Since November, Louisiana Gov. Bobby Jindal (R) has successfully positioned himself as a reformist outsider, despite his clear commitment to the same right-wing policies championed by all sides of the GOP divide, from tea party Republicans like Texas Sen. Ted Cruz, to establishment-minded lawmakers like Wisconsin Rep. Paul Ryan.
The past year of Jindalâ€™s tenure, in fact, has been defined by steady progress on a wish list of conservative policies. Under Jindal, Louisiana has expanded its voucher system, rejected the Affordable Care Actâ€™s Medicaid expansion, passed onerous new anti-abortion laws, and is poised to accept a massive overhaul of its tax code, replacing income and corporate taxes with a large new sales tax. The latter policy, in particular, will place a huge burden on ordinary Louisianans. To maintain the stateâ€™s current revenues under the new tax plan, notes the nonpartisan Tax Policy Center, Louisiana would have to double its sales tax revenue. â€śFor households that donâ€™t pay income taxes and save little or no income, this amounts to close to a 4 percentage point drop in after-tax income.â€ť
Writing for Politico, Emily Schulthesis notes that this is clear evidence Jindal is positioning himself for a presidential run in 2016, despite his protests to the contrary:
Jindalâ€™s bold policy proposals in Louisiana come at the same time heâ€™s raising his profile nationally, both through his new post as head of the Republican Governors Association and his frequent commentary on the future of the Republican Party. He turned heads last month when he warned the GOP needs to â€śstop being the stupid party.â€ť â€¦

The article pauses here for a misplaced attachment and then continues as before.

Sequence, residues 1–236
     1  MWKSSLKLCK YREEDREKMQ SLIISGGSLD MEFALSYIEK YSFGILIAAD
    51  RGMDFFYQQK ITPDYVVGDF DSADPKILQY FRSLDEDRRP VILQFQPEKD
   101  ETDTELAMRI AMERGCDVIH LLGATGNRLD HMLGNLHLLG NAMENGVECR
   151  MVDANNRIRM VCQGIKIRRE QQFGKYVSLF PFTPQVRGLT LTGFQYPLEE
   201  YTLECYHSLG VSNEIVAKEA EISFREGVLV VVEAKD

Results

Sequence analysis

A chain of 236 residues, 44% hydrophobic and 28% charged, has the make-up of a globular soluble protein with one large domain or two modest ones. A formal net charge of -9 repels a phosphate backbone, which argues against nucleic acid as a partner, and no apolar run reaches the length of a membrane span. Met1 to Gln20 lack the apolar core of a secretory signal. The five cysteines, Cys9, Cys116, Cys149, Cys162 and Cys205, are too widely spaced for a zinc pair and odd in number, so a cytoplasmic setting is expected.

â€śYou canâ€™t say Jindal is extremely popular in Louisiana any longer, but you also have to give him credit because some of the stuff heâ€™s done is very popular with [Republican] voters,â€ť [Louisiana pollster Bernie]Â Pinsonat said.
From the moment Mitt Romney won the Republican presidential nomination — and entered the general election — he was at a disadvantage. Why? Because winning the nomination required him to adopt the full suite of right-wing policies, from Ryanâ€™s budget plans to aggressive attacks on reproductive rights and immigration reform.
Jindalâ€™s maneuvering makes clear that — immigration aside — little has changed about the Republican landscape. Anyone who wants to win the 2016 presidential nomination will have to appeal to the same right-wing base that — at various points — elevated Rick Perry, Newt Gingrich and Rick Santorum. In other words, Republican reform will remain cosmetic. The GOP will have impressive diversity on the candidate level, and the same commitment to right-wing policies that has defined the party for the last four years.